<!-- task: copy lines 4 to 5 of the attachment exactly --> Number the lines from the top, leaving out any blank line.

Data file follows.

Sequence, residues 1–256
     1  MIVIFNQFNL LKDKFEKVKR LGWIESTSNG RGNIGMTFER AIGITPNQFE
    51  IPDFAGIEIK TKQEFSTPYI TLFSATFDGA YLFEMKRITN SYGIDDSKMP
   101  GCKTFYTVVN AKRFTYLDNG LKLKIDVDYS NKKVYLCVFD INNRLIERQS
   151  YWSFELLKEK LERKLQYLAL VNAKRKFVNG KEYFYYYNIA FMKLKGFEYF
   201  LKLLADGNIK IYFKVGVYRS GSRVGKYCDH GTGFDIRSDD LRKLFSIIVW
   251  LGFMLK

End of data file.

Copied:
   101  GCKTFYTVVN AKRFTYLDNG LKLKIDVDYS NKKVYLCVFD INNRLIERQS
   151  YWSFELLKEK LERKLQYLAL VNAKRKFVNG KEYFYYYNIA FMKLKGFEYF